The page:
Novel oral anticoagulants for stroke prevention in patients with atrial fibrillation

Jeremy P Berman, Jonathan L Halperin
Hospital Practice (Minneapolis) 2013, 41 (1): 37-48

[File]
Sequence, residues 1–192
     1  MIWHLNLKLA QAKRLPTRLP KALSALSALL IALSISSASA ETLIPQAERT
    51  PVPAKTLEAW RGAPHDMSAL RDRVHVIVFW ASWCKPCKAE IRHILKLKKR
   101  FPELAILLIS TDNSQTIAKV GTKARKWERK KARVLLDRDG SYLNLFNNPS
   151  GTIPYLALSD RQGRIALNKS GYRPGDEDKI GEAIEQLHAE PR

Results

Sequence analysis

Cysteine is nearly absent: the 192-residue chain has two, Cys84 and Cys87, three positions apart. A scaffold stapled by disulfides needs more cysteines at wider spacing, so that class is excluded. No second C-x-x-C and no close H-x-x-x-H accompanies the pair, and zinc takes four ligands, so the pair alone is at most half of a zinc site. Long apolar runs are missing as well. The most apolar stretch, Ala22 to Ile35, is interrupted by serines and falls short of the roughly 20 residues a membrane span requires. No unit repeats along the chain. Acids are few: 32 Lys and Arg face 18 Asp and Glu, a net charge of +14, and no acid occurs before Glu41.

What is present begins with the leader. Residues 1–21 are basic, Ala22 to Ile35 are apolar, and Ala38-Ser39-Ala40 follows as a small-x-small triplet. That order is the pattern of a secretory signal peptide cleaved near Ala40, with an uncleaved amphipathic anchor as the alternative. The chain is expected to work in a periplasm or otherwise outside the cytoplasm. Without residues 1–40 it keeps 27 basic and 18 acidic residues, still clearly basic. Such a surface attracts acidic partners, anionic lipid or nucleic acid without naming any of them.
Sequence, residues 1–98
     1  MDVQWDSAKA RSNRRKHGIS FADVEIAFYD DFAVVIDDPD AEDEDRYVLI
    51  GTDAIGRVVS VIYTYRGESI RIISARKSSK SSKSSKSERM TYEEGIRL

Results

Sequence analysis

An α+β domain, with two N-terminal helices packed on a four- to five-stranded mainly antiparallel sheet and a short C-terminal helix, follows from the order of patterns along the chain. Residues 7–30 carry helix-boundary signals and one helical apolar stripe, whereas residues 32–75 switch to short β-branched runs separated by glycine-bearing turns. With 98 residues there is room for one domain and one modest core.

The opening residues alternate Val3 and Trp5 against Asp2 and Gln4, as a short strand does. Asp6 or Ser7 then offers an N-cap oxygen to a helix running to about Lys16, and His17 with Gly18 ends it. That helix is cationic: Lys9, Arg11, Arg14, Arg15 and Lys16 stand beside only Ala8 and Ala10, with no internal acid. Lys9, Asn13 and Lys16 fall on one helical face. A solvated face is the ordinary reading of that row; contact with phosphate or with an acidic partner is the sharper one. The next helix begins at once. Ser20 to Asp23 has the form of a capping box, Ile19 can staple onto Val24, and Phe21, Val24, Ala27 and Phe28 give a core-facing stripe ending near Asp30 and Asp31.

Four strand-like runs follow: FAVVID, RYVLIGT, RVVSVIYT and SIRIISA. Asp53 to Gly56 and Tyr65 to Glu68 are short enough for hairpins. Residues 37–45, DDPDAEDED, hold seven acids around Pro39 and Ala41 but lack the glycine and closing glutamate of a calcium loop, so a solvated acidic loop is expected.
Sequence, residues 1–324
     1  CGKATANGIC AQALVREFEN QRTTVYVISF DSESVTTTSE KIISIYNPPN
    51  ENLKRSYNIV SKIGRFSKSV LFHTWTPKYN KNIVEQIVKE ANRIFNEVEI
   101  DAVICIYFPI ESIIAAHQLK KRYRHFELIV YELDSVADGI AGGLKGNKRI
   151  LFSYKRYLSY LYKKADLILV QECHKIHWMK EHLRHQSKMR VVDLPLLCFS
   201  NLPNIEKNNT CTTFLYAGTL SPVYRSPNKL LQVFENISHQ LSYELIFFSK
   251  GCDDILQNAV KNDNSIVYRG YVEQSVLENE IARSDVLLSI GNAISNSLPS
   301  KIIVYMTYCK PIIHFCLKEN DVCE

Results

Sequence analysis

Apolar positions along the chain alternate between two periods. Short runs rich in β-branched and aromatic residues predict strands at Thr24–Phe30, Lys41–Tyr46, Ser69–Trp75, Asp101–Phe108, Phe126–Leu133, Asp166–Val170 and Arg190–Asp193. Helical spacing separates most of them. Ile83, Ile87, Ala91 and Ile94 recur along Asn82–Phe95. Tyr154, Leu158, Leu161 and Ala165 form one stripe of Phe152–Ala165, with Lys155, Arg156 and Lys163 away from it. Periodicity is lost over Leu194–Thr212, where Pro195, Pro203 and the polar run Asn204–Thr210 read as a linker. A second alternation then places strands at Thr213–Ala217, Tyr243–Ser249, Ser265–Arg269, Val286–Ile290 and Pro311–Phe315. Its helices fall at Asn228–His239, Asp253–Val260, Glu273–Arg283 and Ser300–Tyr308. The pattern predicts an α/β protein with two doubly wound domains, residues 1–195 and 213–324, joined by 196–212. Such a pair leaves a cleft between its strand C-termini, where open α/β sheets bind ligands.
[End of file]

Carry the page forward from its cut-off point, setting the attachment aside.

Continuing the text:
Patients with atrial fibrillation (AF) face an elevated risk of stroke compared with patients who have normal sinus rhythm. Warfarin, an oral vitamin K antagonist, is a highly effective therapeutic agent to reduce stroke risk in patients with AF; however, use of warfarin is complicated by variable patient dose response due to genetic factors and multiple food-drug and drug-drug interactions. Novel oral anticoagulants appear to be a safe, effective alternative to warfarin therapy without the need for routine coagulation monitoring. Dabigatran, a direct thrombin inhibitor, has been commercially available since 2010 for prevention of stroke in patients with nonvalvular AF. More recently, the US Food and Drug Administration (FDA) approved 2 oral activated factor X inhibitors, rivaroxaban and apixaban, for stroke prevention in patients with AF based on clinical trial evidence of their safety and efficacy. In this article, we provide an overview of the 3 novel oral anticoagulants for treating patients with AF and discuss the latest findings from subgroup analyses.

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